CPTSD – Complex PTSD

Complex Post Traumatic Stress Disorder (CPTSD) is a condition that is caused by chronic, prolonged exposure to severe traumatizations. 

While many are familiar with Post-Traumatic Stress Disorder, or PTSD, the term Complex Post-Traumatic Stress Disorder, or CPTSD, remains largely unheard of and grossly misunderstood. In fact, despite having been first described by Harvard professor of clinical psychology, Judith Herman, in her article Trauma & Recovery (1992) as “the syndrome that follows upon prolonged, repeated trauma,” it has yet to be fully recognized as a disorder

by the Diagnostic Statistics Manual (DSM). However, the International Classification of Diseases (ICD), which is maintained by the World Health Organization (and is also used for classifying mental disorders) HAS decided to include it in the upcoming 11th edition. What’s more is that the DSM will be phased out. In 2018 will be superseded by the ICD-11. Finally, there is hope.

Understanding Complex Post Traumatic Stress Disorder

Many traumatic events (such as car accidents, violence or natural disasters, etc.) are of time-limited duration. However, in some cases, some individuals experience chronic trauma that continues or repeats for months or years at a time. The current PTSD diagnosis often does not fully capture the severe psychological harm that occurs with prolonged, repeated trauma. People who experience chronic trauma often report additional symptoms alongside formal PTSD symptoms, such as changes in their self-concept and the way they adapt to stressful events.


Unlike PTSD which sometimes develops from exposure to a single traumatic event (e.g., rape, witnessing a dangerous, terrifying incident), CPTSD, on the other hand, develops from chronic, repetitive trauma where there is generally no possibility of escape from the perpetrator and oftentimes when the victim is kept under the control of the abuser. Examples include those subjected to captivity, torture, concentration camps, a victim/refugee of human trafficking, organized child exploitation rings, or victims of long-term domestic violence or child abuse – most notably that of physical and sexual abuse.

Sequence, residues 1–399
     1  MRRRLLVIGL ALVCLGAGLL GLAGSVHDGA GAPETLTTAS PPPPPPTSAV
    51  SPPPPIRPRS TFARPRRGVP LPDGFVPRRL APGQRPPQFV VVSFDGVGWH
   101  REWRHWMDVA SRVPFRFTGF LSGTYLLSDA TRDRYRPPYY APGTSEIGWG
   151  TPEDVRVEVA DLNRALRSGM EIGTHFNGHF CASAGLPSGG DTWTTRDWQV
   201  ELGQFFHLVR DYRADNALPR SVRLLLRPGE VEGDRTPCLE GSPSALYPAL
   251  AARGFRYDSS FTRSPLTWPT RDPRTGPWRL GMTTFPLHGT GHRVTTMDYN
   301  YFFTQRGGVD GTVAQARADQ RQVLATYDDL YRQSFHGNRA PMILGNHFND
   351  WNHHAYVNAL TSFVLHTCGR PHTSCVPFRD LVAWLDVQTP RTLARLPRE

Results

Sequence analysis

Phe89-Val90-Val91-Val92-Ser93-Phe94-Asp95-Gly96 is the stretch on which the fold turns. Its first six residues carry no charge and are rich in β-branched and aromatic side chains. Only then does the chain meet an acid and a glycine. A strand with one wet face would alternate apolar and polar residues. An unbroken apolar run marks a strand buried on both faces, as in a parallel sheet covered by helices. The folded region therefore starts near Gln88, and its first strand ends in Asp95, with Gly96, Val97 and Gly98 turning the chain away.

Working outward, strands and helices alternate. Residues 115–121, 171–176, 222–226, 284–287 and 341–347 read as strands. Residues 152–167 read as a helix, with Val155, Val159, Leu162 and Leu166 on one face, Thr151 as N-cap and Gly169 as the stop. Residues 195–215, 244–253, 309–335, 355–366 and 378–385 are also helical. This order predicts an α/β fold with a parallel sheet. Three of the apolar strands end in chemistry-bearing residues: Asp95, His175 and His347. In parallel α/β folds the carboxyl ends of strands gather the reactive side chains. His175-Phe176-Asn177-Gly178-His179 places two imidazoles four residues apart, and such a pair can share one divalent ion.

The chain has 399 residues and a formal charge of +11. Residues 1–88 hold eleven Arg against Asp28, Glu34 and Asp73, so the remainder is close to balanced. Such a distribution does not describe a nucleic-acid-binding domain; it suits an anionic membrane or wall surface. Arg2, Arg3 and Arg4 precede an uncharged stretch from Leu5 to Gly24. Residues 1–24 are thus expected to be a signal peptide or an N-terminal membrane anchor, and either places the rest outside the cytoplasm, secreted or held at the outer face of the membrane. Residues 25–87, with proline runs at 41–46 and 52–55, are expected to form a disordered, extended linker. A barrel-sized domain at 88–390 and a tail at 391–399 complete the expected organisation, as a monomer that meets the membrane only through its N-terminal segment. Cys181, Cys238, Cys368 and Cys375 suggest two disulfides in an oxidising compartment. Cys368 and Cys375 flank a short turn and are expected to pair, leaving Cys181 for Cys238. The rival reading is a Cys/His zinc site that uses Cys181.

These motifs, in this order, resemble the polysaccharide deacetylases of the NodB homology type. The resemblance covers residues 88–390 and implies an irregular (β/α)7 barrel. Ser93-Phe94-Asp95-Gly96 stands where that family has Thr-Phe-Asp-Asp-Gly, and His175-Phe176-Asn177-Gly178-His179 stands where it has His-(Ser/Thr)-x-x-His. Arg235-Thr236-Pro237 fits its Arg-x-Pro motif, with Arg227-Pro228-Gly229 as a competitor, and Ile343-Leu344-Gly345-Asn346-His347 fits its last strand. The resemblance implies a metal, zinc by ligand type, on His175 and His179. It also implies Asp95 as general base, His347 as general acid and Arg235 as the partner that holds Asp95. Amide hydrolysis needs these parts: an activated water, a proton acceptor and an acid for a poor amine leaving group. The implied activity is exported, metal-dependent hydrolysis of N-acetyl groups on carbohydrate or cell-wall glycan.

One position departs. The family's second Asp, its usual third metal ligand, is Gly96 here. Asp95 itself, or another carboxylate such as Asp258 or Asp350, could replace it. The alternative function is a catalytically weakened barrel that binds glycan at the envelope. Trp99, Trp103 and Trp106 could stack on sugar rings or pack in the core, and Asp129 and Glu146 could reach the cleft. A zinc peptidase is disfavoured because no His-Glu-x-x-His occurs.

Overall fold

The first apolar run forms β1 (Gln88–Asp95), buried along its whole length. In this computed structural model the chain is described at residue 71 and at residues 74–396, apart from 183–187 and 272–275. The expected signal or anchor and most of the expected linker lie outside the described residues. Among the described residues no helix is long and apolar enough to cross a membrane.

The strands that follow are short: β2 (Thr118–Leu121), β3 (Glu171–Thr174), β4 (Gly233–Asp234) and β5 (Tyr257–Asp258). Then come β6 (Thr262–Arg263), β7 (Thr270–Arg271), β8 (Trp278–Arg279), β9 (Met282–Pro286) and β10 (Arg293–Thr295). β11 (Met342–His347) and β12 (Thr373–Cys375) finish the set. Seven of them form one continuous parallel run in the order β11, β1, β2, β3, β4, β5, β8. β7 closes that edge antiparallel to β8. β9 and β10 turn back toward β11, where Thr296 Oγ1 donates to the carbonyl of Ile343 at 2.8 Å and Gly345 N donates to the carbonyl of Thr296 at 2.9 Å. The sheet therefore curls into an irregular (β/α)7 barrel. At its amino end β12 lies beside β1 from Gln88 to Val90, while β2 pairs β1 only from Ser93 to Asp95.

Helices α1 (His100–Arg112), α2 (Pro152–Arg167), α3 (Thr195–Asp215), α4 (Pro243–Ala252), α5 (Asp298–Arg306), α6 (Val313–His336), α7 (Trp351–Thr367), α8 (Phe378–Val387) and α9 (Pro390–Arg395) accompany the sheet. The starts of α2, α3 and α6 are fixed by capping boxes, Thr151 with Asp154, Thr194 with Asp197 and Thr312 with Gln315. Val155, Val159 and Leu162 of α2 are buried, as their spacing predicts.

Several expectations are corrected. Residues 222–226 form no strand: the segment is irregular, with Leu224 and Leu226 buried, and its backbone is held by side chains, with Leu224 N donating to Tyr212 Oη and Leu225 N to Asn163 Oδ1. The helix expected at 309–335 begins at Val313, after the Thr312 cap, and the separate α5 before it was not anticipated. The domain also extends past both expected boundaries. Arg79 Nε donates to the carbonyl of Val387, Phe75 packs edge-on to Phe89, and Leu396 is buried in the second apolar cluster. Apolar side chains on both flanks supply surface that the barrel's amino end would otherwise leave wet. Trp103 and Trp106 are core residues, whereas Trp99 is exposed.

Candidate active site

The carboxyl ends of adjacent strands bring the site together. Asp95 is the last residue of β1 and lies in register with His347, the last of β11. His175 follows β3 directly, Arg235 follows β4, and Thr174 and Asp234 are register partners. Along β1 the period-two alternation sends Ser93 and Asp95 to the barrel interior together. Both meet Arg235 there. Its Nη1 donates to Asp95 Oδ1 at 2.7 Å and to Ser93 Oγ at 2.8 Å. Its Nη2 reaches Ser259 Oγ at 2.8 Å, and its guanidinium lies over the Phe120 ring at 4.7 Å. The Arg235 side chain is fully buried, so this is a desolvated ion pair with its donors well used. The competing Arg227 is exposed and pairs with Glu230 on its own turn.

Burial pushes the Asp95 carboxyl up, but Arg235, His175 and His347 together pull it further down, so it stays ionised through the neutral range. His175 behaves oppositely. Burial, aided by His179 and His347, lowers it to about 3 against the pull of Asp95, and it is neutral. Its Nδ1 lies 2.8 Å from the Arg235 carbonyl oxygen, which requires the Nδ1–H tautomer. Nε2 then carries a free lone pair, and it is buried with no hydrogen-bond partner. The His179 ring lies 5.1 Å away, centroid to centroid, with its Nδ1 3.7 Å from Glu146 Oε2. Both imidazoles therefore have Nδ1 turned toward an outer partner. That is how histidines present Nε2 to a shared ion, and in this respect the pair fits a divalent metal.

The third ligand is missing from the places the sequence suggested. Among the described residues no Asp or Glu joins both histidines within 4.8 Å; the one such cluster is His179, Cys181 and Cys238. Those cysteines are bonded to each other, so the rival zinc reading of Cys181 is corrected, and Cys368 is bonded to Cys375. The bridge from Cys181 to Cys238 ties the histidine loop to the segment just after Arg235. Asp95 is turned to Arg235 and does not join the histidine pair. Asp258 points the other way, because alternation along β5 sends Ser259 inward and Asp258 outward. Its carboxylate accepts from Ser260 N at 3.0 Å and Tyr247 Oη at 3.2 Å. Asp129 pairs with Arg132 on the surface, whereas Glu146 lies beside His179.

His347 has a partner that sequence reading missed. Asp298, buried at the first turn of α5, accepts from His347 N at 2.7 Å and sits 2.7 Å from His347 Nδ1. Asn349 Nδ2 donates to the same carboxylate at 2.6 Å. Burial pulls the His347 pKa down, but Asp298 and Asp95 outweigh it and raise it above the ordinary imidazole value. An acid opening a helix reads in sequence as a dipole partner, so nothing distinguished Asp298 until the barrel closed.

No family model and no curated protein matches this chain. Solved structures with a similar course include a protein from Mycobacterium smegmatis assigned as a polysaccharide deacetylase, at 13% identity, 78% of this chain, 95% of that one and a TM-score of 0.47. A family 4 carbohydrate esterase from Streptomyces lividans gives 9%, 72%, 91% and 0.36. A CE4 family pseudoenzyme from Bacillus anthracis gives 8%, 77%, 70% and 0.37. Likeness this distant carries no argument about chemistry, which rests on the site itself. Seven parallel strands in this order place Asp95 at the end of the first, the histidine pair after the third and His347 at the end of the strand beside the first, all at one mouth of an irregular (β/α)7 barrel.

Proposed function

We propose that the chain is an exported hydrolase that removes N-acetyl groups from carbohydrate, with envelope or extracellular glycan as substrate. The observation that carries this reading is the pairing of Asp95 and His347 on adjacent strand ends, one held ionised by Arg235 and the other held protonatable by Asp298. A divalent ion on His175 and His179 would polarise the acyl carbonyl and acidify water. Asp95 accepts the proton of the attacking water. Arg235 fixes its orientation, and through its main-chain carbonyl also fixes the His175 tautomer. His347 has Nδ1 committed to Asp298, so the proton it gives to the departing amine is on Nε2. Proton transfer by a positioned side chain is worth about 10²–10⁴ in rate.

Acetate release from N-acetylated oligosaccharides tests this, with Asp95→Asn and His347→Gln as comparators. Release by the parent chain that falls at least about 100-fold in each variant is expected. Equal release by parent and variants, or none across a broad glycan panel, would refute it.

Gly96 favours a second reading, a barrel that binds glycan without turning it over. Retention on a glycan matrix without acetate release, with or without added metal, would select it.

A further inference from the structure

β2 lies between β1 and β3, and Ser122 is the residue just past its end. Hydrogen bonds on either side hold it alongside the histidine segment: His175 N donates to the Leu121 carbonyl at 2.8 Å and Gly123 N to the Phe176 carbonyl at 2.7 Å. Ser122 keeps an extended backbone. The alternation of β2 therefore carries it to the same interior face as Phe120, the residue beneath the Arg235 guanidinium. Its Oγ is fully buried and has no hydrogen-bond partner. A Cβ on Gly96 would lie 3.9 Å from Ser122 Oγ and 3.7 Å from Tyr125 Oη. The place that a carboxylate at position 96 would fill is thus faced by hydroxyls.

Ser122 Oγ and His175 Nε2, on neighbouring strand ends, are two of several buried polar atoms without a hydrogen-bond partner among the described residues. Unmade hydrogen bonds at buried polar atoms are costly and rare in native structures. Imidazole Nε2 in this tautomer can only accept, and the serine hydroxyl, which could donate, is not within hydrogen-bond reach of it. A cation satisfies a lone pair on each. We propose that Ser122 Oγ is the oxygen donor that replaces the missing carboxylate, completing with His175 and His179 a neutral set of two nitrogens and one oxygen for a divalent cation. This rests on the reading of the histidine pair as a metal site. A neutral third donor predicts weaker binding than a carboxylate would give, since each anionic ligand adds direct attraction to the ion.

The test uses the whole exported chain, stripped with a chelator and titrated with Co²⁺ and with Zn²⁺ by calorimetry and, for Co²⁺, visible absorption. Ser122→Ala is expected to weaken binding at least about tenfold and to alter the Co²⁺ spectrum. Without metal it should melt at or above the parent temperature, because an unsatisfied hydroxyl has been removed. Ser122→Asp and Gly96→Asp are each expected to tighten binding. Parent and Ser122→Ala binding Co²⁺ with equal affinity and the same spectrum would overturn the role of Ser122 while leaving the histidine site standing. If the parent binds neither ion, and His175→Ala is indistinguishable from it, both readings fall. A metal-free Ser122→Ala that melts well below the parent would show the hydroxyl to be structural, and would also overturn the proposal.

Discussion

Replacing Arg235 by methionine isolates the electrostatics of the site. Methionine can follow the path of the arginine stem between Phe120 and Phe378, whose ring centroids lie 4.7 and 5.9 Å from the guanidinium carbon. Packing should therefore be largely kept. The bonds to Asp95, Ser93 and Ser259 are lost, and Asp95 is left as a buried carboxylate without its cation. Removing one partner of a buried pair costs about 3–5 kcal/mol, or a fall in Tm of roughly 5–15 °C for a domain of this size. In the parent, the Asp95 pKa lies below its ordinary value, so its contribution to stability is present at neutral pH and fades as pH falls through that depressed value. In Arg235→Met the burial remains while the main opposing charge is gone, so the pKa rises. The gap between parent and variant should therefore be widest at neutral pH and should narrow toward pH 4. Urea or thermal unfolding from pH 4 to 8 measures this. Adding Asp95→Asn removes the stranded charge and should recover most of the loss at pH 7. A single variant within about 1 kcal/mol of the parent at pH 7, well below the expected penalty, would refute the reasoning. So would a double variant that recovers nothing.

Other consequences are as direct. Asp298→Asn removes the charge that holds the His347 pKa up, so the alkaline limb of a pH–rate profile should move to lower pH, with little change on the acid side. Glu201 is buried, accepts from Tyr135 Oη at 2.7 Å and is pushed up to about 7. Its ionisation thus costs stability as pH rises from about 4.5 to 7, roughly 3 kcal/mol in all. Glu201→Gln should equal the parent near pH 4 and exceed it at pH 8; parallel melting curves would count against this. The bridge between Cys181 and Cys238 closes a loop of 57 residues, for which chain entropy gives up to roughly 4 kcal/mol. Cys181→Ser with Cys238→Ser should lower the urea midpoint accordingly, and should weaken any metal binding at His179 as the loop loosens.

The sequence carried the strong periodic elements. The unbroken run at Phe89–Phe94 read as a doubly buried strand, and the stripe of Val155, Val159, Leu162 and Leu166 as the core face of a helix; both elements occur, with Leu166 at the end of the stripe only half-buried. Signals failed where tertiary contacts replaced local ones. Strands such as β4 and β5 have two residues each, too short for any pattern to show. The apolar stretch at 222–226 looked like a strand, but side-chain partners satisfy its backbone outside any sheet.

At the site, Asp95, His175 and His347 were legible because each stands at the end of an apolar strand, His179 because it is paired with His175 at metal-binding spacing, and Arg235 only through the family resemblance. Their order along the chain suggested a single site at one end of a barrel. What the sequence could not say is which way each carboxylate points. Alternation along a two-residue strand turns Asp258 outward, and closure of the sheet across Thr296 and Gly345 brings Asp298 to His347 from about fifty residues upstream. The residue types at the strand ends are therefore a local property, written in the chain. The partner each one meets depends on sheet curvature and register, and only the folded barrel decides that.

The Importance?

Exposure to multiple traumatic events, particularly in childhood, has been shown to result in more complex symptoms than those seen after exposure to a single traumatic event. In case of overlooking the link between trauma and psychopathology, patients with multiple traumatic experiences receive a variety of different diagnoses that are unable to completely cover the clinical picture. Misdiagnoses of genuine cases inevitably lead to mistreatment. A diagnosis of Complex Post Traumatic Stress Disorder has been proposed to cover the emerging psychopathology in survivors of multiple traumas.

What is CPTSD

The Goal?

Unlike other websites that rely upon the sales of self-published, or a co-partnered material on this topic or similar disorders — or are the creations of nonprofit and/or private agencies, CPTSD.com is not geared at generating any profit aside from the cost of maintaining this site, and was developed solely by a private individual whose main objectives are:

  • To increase public awareness into this need for this proposed disorder
  • Allow individuals suffering from CPTSD a forum to share their stories and connect with others who have been through or currently being affected by it.
  • Continuing further education and insight into CPTSD 

In doing so, it is our hope that the growing numbers of people suffering from Complex Post Traumatic Stress Disorder can be treated and further trauma can be prevented.


Herman, J. (2012). CPTSD is a Distinct Entity: Comment on Resick et al. (2012). Journal of Traumatic Stress, 25, 256-257.

Cloitre, M., Garvert, D., Brewin, C., Bryant, R., & Maercker, A. (2013). Evidence for proposed ICD-11 PTSD and complex PTSD: a latent profile analysis. European Journal of Psychotraumatology, 4. doi:10.3402/ejpt.v4i0.20706

Taycan, O., & Yildirim, A. (2015). An Alternative Approach to the Effects of Multiple Trauma: Complex Post Traumatic Stress Disorder. Arch Neuropsychiatrist, 52, 312-314. doi:10.5152/npa.2015.7573